 Data is the key raw material for ALM and hence the system should be able to provide
accurate and reliable information.

 ALM is a comprehensive and dynamic frame work for (a) measuring (b) monitoring and
(c) managing the market risk which is required to be built around a foundation of sound
methodology, human and technological infrastructure and risk philosophy.

 ALM has to be closely integrated with the bank’s business strategy as this affects the
future risk profile of the bank.

Constituents of a sound ALM system:

 ALM information system

 ALM organization (ALCO, Board and ALM desk)

 ALM process i.e. risk parameters, risk identification, risk management, risk
measurement, risk policies and tolerance levels.
MBF 2008-2010 78

The Asset Liability Management system in the bank has fairly stabilized. Union Bank is one of
the few public sector banks who are leading in implementation of ALM and risk management
guide lines of reserve bank of India. Apart from the regulatory requirements, ALM information
is frequently used by the top management and Assets and Liability Committee (ALCO) for
taking strategic decisions with regard to pricing of assets liabilities , investments, funding etc.
We describe below some of the major functions of ALCO. The decisions of ALCO are based on
data furnished by branches with regard to maturity profile of major items of assets and liabilities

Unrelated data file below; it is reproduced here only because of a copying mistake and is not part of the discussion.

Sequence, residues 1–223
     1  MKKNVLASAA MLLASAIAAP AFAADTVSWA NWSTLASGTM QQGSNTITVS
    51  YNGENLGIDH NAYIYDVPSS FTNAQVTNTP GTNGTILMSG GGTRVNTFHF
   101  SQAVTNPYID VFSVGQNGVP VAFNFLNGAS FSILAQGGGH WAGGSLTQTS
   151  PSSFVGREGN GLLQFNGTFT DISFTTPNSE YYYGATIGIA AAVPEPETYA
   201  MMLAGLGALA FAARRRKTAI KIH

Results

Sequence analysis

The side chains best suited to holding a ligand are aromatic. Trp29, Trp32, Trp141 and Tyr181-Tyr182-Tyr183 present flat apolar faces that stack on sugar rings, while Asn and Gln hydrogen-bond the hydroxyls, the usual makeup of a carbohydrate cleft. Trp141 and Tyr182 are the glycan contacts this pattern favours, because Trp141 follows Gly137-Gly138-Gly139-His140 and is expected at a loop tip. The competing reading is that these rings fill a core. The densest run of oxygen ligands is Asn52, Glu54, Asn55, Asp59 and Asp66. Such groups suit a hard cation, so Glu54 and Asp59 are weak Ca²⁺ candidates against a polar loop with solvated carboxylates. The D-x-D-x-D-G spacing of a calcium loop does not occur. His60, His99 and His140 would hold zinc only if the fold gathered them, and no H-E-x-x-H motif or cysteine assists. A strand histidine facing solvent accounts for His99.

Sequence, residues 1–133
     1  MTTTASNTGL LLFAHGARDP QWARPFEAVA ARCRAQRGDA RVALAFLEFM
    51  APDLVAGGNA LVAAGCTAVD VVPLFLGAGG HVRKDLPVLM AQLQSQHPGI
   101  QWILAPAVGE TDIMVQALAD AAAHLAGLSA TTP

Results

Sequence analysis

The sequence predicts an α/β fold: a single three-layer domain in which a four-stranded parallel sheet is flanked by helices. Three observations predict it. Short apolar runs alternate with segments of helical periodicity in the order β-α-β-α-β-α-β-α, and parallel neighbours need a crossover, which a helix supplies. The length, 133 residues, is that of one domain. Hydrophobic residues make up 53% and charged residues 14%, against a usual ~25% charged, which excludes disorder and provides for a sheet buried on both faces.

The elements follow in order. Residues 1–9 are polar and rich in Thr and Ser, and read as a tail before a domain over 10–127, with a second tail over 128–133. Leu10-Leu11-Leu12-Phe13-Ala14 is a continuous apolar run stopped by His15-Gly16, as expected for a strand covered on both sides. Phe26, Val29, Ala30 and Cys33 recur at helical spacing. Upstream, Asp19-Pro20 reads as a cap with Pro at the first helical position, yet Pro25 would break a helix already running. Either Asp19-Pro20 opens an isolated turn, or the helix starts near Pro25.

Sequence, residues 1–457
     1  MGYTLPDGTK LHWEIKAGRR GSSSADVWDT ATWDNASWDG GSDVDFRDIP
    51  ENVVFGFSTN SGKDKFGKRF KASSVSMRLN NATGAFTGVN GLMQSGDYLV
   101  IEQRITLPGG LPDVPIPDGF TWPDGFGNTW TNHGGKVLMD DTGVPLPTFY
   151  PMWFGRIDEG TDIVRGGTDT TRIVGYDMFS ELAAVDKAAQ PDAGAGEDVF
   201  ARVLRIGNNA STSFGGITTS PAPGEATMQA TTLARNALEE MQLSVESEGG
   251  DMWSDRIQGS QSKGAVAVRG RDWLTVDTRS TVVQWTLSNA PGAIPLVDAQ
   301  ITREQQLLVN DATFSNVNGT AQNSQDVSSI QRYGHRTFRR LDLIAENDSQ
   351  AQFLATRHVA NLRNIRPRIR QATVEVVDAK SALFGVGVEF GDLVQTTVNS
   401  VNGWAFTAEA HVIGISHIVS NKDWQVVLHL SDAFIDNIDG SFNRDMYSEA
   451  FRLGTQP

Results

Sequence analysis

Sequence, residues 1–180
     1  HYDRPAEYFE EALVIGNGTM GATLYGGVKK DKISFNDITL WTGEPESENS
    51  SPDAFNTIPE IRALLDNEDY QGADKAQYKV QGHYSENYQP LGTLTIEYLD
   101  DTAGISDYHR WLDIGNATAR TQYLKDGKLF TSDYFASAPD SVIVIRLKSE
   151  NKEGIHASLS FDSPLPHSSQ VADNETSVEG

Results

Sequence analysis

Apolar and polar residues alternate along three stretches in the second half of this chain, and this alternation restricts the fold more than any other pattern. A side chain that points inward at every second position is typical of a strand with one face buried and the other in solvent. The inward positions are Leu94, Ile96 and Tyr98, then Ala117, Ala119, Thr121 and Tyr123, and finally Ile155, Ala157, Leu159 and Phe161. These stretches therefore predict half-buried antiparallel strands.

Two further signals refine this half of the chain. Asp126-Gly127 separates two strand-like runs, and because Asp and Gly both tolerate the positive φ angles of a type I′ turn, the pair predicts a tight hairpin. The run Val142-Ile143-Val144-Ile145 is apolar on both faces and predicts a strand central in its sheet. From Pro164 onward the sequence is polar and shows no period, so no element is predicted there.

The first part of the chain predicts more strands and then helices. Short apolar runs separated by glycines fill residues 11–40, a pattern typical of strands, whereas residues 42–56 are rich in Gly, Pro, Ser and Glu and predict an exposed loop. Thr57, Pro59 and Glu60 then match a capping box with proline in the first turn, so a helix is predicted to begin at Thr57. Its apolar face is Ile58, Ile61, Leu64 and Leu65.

like term deposits, term loans, bills etc.

Functions of ALCO

• Fixation of interest rates on deposits and advances

• Strategy for business growth and desired maturity profile of such incremental assets and

• Funding plan including source and mix of such funds

• Hedging of ALM gaps based on interest rate view.

At present the following details are captured from branches under the ALM information system:

a) Details of time deposits including cumulative deposits

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b) Details of all standard term loan

c) Maturity profile of bills

d) Maturity profile of borrowings




1. Individual/Proprietary Concern

Following factors may be taken into account for computing the “Net Worth” or “Means”

a) Capital investment in the business including investment in other partnership firms

b) Moveable assets such as Bank Deposits, Gold Ornaments/ Jeweleries, Investment in

shares/ debentures/Securities, Company Deposits etc.

c) Personal unencumbered immovable properties

♦ Self – acquired properties of an individual

♦ The share in the ancestral properties acquired on division of HUF

2. Partnership Firms/ Joint Hindu family Concerns: